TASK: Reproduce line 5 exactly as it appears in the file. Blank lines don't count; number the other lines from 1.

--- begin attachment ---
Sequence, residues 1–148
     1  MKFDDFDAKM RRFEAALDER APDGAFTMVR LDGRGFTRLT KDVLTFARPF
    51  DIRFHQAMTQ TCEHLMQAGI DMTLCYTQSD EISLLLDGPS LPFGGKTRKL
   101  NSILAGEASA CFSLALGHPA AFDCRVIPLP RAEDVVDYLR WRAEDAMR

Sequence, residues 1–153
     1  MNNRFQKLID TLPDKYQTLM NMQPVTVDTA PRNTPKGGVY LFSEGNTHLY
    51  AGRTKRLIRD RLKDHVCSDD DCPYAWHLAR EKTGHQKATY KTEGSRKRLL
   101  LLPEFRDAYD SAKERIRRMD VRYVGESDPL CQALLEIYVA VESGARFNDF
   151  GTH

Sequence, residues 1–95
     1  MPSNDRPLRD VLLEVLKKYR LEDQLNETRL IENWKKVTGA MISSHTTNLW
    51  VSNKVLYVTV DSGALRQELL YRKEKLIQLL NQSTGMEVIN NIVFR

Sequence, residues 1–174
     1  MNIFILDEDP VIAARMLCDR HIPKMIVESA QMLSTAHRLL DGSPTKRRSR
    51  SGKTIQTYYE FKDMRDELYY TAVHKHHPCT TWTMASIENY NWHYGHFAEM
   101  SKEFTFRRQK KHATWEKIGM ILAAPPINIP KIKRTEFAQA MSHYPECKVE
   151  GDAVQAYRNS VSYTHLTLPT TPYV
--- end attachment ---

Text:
Sequence, residues 1–153